The tank was an original 1963 Triumph tank that was a bit worse for wear. The perfect candidate to attack with a grinder. I chopped about 30mm off the bottom, welded in a pop-up gas cap, and retrofit a 2016 Sportster fuel pump assembly neatly underneath.
The rear fender is a modified Wassell blank and the front fender was just some rolled aluminum, simple, but again a throwback to the early desert sleds.
The fender brackets, along with the rear rack and tank rack, are one-off stainless items.
The handlebars are Burleigh Bars 1” stainless steel Knuckle Bars fitted with flush mount buttons and old Amal style levers and throttle to keep it classic.

All the lighting was supplied by Purpose Built Moto. The 4.5” spotlight and Dome 3in1’s are all powered by a PBM black box.
The spotty is housed in a one-off aluminum nacelle that also hides the Acewell CA80 speedo.

The seat and side bag were trimmed by my twin brother from another mother, Jamo, of Timeless Auto trim. Using a tough canvas that definitely stood up to the conditions and kept me comfortable along the way.

The motor required ahead replacement as the front engine mount had been previously broken off. So while apart it got a good top end clean up and a valve re-shim before reassembly. The 865cc twin breaths in through a pair of DNA filters XV Series oval filters and out through pair of custom made 316 stainless high pipes and mufflers (leg burners..) The primary cover was also swapped out for a slimmer more aesthetically pleasing version from a 2003 T100.
Another major modification was converting the removable frame tubes into oil coolers. This required welding up a heap of holes, welding on a heap of fittings, and making up a heap of custom oil lines. But.. In the end, added an extra 1L of oil capacity and proved to be pretty damn good at keeping it cool.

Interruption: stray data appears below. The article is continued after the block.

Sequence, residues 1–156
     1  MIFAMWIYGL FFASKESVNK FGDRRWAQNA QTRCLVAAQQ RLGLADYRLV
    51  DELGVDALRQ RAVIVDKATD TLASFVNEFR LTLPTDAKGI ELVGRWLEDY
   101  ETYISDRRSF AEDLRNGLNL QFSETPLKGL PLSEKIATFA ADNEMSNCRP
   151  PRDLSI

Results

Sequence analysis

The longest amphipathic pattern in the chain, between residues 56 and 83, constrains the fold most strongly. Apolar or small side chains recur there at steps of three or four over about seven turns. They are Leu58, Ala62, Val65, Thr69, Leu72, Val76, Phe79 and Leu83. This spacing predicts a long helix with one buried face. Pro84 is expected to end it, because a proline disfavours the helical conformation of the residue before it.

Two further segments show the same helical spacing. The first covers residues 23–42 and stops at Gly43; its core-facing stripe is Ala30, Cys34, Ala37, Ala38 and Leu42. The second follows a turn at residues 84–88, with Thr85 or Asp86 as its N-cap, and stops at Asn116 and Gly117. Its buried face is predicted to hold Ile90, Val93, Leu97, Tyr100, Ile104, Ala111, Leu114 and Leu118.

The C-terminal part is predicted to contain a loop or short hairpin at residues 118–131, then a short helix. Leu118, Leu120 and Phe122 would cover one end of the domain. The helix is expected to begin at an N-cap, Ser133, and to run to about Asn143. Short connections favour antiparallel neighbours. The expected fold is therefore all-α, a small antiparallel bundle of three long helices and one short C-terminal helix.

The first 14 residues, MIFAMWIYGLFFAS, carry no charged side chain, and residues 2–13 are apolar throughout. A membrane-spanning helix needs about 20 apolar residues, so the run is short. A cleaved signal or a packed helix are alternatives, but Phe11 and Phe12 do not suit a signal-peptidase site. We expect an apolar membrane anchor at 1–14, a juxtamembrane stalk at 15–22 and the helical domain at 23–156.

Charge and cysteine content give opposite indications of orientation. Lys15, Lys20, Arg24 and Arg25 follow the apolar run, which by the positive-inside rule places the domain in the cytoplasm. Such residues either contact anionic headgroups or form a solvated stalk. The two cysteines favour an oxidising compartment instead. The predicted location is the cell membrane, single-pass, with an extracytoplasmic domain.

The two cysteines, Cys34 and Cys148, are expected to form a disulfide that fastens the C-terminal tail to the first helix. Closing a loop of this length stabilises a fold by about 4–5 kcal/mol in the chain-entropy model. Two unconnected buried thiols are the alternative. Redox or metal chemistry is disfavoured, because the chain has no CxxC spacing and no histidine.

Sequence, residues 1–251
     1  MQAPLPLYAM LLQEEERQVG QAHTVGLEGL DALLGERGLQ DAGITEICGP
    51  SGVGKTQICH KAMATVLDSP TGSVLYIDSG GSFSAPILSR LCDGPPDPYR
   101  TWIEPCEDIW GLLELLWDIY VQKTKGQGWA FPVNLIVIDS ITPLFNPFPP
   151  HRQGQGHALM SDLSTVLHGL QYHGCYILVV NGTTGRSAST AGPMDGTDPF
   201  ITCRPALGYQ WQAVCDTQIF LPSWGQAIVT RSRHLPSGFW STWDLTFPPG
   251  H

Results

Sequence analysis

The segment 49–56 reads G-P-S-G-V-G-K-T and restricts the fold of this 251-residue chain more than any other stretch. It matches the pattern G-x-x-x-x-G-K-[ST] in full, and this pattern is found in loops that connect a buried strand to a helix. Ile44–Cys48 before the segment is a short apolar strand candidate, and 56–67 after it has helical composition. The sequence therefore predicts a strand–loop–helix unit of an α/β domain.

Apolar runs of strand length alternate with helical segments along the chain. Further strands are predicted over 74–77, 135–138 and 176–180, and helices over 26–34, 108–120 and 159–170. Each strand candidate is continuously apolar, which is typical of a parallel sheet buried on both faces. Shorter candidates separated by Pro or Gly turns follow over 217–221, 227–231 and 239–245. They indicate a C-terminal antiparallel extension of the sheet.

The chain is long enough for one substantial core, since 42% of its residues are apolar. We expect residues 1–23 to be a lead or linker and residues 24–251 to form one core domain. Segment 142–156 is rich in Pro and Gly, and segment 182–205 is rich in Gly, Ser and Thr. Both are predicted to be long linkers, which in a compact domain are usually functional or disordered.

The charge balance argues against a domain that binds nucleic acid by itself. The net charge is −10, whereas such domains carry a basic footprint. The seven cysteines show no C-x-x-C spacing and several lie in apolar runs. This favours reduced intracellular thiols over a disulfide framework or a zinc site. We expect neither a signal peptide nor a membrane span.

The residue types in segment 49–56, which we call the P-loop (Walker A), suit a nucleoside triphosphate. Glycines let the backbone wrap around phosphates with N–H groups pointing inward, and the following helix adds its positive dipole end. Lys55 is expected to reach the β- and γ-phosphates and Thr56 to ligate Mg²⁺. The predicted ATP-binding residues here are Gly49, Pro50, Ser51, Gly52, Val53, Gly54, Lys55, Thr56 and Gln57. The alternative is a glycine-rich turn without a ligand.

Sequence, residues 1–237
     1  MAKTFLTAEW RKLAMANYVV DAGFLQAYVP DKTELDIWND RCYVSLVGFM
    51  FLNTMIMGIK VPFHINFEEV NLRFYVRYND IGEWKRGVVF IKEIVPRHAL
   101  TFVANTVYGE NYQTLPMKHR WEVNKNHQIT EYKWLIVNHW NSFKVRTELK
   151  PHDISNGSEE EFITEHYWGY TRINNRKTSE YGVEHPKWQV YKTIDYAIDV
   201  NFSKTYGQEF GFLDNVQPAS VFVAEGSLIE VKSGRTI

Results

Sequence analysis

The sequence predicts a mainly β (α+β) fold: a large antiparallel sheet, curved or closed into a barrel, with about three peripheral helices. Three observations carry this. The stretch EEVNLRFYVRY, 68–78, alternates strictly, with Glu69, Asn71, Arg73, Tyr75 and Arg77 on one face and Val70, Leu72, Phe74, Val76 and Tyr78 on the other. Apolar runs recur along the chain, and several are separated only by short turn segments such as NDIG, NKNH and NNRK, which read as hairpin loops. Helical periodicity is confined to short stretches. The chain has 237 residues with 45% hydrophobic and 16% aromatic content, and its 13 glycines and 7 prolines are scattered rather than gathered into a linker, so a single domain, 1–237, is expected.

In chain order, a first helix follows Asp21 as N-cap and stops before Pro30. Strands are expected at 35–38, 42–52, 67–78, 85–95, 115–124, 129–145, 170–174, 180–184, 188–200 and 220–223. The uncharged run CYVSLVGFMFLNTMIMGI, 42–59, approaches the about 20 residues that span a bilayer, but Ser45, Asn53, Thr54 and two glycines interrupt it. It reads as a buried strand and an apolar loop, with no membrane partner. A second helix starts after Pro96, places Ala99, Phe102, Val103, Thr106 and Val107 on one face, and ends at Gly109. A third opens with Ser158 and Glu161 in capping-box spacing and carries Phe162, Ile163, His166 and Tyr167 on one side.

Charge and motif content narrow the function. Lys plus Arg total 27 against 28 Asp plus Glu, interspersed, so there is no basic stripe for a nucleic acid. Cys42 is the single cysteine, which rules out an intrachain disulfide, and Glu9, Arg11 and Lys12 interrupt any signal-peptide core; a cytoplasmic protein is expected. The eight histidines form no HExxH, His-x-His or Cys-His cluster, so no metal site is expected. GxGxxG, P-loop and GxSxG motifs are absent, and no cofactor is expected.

Wide Of The Mark

When it came to painting I wanted to cross a bit of modern with a bit of classic.
The Claret Red on the tank was a classic throwback, while the dark grey and gold geometric pattern brought the modern. The red pinstripe just mixes it up a little.
My favorite part is my Tasmanian take on the Triumph “Leaping Tiger” on the tank. Once all the design was laid down I covered in all in 2 pack matt clear.

2010 Triumph Bonneville America:
865cc EFI parallel twin.
Chromoly backbone and a rear frame section
Lower frame rails converted to oil coolers
GSXR600 fork legs in custom triple clamps
Gazi Sport Lite rear shocks
GSXR600 front calipers, 310mm Triumph 675 rotors.
Twin Triumph rear calipers, 260mm GSX1400 rotor.
Modified 1979 AMF Harley 9 Spoke alloys with custom sprocket & rotor adaptors
Vee Rubber Bennisimo trial tires, 4.00×18 & 4.50×19
Modified 63 Triumph fuel tank with Sportster fuel pump assembly
Custom seat and side bag
Purpose Built Moto LED lighting
Acewell CA80 Gauge

Quadlock Moto Phone holster and Charger
DNA air filters

With the customer workload I already had along with trying to carry out 99% of the work on this bike myself, time crept up and I really didn’t think I was going to make it.. But thanks to some last-minute late-night help from Tom and Dylan of PBM we managed to get it all assembled by 1:30 am the morning we were supposed to leave. We got the bike loaded up, got me packed up and got on our way to Tassie at 2 am.
I didn’t even get to test ride it until we got to Melbourne. Luckily it only needed a few minor tweaks and it was ready to go get thrashed in the wilderness, and that it did!

The Thylacine Dream Sled was tested to its limit time and time again, with some weak spots showing through early.  a few minor issues on small parts, and the suspension especially. Learning a lot from this trip about the bike and my skills as a rider. At the end of the day it came home in one piece… well 2 if you count the broken kickstand, but it lasted well. ran strong through all the weather we went through and I had a tonne of fun doing it.

Time to get building for round 2!

Wide Of The Mark